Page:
The chairman of the Joint List, MK Ayman Odeh, demonstrated courage. In an interview with the daily Yedioth Ahronoth, parts of which were published on Thursday, he said he would be willing to recommend that Benny Gantz form the next government, and would also agree to be part of a center-left government. He listed four requirements for joining such a government. In the interview, he demanded repeal of the nation-state law and a resumption of negotiations with the Palestinians; later, he added ending the occupation and establishing a Palestinian state.
This is the first time the leader of an Arab party has announced his willingness to join any government. Not all the components of the Joint List – a joint ticket comprising four parties – agree with his position; the Balad party has already announced its opposition. But Odeh’s announcement is an encouraging breath of fresh air for anyone who wants to see Arabs integrate as citizens with equal rights in this country and its leadership.
Yet this positive step immediately ran into a barrage of negative responses from rightist and centrist parties. From the right, which immediately termed him and his party “supporters of terrorism,” this is no surprise. Just this week, Likud joined the Otzma Yehudit party in a petition to disqualify the Joint List from running for Knesset. But the response that truly evoked despair came from the leaders of Gantz’s Kahol Lavan party, who, in their cowardice, rushed to distance themselves from the Joint List as if it were a leper.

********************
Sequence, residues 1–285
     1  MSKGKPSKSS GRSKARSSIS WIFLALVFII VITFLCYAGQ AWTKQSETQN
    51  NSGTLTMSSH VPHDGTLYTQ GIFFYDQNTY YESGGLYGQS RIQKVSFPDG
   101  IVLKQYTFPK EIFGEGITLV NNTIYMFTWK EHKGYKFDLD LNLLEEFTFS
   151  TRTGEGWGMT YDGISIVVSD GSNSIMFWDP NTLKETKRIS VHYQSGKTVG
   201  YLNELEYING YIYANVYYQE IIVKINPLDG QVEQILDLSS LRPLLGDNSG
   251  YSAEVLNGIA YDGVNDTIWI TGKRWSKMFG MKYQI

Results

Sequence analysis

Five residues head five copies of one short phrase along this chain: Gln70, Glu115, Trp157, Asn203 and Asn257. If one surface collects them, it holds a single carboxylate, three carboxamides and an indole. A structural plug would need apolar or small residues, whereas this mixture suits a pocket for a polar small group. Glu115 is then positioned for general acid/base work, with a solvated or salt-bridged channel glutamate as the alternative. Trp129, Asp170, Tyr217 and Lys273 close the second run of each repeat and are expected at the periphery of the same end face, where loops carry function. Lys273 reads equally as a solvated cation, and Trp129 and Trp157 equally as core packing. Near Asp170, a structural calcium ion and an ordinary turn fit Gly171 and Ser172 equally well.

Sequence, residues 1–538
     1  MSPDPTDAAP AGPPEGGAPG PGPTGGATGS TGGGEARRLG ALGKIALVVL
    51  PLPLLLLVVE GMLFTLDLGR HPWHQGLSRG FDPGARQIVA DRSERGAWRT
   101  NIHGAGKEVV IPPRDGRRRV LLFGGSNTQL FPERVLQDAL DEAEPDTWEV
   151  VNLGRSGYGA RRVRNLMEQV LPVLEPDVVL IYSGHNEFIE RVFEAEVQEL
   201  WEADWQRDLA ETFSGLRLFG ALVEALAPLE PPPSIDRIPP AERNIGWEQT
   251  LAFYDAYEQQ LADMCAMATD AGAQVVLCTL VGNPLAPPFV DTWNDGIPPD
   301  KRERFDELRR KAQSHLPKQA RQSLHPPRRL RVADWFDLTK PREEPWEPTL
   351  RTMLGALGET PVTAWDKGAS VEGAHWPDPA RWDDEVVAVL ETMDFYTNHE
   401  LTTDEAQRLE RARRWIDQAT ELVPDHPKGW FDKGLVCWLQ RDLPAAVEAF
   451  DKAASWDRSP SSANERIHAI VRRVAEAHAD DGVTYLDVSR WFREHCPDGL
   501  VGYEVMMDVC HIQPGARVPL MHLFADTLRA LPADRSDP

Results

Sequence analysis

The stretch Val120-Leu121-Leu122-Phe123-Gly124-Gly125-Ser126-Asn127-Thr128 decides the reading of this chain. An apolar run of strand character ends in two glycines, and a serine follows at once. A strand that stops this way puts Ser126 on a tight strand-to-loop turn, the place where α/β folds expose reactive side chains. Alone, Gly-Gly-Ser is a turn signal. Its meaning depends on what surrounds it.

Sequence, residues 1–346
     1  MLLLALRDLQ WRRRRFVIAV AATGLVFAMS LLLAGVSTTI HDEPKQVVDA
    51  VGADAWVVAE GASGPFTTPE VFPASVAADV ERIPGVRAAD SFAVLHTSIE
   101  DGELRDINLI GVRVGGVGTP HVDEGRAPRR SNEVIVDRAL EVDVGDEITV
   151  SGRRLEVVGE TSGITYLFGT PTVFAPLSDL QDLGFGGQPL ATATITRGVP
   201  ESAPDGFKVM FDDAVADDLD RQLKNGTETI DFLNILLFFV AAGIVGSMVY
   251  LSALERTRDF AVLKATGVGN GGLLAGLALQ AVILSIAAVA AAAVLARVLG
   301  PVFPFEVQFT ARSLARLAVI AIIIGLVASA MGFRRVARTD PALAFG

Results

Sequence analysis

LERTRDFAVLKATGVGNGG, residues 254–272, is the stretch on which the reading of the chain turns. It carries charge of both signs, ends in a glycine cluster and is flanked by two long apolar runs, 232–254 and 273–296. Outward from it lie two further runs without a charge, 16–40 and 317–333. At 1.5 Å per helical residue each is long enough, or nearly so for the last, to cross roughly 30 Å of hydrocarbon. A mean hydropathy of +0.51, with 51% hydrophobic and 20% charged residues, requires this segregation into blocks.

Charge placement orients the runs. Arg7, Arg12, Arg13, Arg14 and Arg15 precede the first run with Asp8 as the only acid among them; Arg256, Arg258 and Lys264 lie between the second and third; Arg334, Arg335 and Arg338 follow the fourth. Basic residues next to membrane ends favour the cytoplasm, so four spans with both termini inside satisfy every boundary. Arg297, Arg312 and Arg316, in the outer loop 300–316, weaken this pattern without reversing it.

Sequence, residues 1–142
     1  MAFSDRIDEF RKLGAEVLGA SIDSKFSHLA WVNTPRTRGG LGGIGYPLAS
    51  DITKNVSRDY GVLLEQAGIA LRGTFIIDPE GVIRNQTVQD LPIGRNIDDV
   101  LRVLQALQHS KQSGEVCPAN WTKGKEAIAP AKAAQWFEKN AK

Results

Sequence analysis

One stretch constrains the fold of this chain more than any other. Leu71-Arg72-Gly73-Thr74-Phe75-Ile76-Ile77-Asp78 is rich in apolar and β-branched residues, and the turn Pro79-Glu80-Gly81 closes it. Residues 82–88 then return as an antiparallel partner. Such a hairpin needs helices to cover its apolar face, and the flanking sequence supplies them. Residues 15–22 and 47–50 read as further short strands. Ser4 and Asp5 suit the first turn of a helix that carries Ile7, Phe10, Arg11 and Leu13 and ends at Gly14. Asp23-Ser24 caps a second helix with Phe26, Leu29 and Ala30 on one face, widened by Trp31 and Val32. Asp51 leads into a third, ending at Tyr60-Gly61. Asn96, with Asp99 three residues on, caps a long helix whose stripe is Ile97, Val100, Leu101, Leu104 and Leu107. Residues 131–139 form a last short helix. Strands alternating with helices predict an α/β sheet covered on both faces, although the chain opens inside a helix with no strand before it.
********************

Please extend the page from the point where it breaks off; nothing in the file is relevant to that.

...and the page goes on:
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MK Yair Lapid, who once termed the Arab MKs “Zoabis” (after former MK Haneen Zoabi), said, “Ayman Odeh should first look to his own house and see who he’s bringing into that house before he starts conducting coalition negotiations.” MK Yoaz Hendel said unequivocally, “We won’t sit with the Joint List.” Clear and simple. A party that’s willing, under certain conditions, to sit with any other party isn’t willing to do so with the Joint List under any conditions.
Most of the conditions Odeh set should ostensibly be acceptable to all of Israel’s leftist or centrist parties. Kahol Lavan’s decision to slam the door on Odeh’s outstretched hand underscores the question of how it actually differs from Benjamin Netanyahu’s Likud. This sweeping a priori rejection of sitting in the cabinet with the Joint List doesn’t merely destroy any chance of setting up a center-left government. It also gives a further boost to racism, which once again appears to be the legacy of most Israeli parties. There could be no worse news than that.
The above article is Haaretz’s lead editorial, as published in the Hebrew and English newspapers in Israel.
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